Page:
Highland County Board of Commissioners President Shane Wilkin and commissioner Terry Britton will serve on the five-member operating board for the newly formed Highland County land bank.
Wilkin appointed himself and Britton Wednesday to the land bank’s board, which Wilkin said by law must include two county commissioners or commissioners’ appointees, the county treasurer or appointee, a representative of the largest municipality in the county and a representative of the largest unincorporated area in the county.
Wilkin and Britton will serve on the board alongside the City of Hillsboro’s appointee, Charlie Guarino, Paint Township appointee Randy Mustard and Catherine Allen, who was appointed by Highland County Treasurer Vickie Warnock.
As previously reported by The Times-Gazette, the commissioners approved the formation of the land bank in October of last year.
The project is funded by seed money from an $800,000 grant awarded to the Rocky Fork Lake Area Safety and Advancement Planning Process (RFL-ASAP), a targeted crime-fighting and economic development program to improve quality of life in the lake area.
According to the County Commissioners Association of Ohio’s handbook, county land banks have very broad powers and can perform a number of functions, mainly acting as a facilitator for the return of blighted, abandoned and tax-foreclosed property to productive, tax-paying economic uses.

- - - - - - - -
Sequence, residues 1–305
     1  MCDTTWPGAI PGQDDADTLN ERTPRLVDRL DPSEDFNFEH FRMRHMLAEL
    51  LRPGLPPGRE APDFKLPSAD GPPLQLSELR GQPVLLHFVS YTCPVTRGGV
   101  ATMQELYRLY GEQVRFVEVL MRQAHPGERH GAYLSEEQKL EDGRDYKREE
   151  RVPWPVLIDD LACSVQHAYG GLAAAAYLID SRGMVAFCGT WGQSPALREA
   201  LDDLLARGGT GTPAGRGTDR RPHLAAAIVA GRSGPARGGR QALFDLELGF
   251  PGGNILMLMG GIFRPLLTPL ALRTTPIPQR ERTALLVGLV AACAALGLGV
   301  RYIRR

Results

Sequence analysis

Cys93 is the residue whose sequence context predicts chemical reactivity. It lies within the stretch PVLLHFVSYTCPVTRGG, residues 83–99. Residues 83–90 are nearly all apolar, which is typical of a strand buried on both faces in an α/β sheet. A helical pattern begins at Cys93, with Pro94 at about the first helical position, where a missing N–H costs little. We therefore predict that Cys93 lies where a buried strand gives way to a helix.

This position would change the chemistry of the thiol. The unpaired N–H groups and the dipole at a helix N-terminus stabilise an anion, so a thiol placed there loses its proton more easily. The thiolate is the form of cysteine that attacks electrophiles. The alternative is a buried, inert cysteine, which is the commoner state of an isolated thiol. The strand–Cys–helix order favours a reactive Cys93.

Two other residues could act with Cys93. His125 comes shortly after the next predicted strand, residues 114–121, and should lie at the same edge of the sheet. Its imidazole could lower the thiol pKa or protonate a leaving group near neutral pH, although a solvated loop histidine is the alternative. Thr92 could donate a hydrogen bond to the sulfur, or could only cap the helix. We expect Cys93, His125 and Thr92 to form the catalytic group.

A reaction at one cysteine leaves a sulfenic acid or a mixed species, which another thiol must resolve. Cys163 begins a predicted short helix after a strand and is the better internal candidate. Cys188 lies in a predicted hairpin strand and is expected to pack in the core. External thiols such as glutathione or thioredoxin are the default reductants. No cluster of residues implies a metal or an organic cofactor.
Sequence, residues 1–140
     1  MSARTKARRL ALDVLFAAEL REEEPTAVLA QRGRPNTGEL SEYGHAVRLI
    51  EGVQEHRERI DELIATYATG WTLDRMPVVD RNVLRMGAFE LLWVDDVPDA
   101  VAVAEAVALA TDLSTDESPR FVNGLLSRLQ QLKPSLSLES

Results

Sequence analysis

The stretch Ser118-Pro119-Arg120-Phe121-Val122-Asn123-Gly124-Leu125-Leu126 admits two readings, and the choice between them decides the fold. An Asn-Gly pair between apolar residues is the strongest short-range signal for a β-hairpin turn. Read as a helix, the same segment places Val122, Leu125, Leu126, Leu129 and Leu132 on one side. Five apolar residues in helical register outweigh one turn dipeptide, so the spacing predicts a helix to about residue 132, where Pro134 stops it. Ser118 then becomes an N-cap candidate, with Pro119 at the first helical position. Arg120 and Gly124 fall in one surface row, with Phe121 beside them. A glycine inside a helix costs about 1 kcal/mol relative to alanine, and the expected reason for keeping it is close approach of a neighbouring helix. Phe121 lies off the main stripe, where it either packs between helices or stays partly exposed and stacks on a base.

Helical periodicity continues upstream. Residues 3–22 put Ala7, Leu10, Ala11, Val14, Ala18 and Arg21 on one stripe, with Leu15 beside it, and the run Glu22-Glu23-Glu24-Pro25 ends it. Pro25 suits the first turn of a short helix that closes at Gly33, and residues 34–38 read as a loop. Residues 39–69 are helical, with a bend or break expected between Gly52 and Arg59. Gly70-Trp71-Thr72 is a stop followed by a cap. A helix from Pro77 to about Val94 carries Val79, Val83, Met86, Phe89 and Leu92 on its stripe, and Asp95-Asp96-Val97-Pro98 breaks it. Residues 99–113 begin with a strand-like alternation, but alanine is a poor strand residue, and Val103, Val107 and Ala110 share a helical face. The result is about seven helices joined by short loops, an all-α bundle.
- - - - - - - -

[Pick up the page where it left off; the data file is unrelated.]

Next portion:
LuAnn Winkle, director of the Turning Point Applied Learning Center and site coordinator for the Rocky Fork project, recently told The Times-Gazette she sees the Highland County land bank as a main component necessary to acquiring and cleaning up areas of the lake that have fallen into blight or resulted in unattractive detriments to economic growth at Rocky Fork.
Where they have been utilized already, land banks have helped local economies. For example, in Lucas County, which incorporated its land bank in 2010, the land bank took over an abandoned strip mall and turned it into a repurposed office and retail center. It also obtained through foreclosure, donation and negotiation several rundown properties in upper Toledo which resulted in the creation of the Uptown Green, a plaza, garden and small concert venue.
The Lucas County land bank has partnered with local hospitals, schools and other entities for many more community improvement projects.
According to a land bank guidance document produced by Lucas County, land banks “tackle the challenges of vacant and abandoned properties with new tools, create a dedicated funding stream, streamline the county tax foreclosure processes, build and grow community partnerships (and) take advantage of available federal, state and private funding sources.”
A land bank operates by “facilitating the reutilization of vacant, abandoned, and tax‐foreclosed real property, efficiently holding such property pending reutilization; assisting entities to assemble and clear the title of such property in a coordinated manner, and promoting economic and housing development.”
Reach David Wright at 937-402-2570, or on Twitter @DavidWrighter.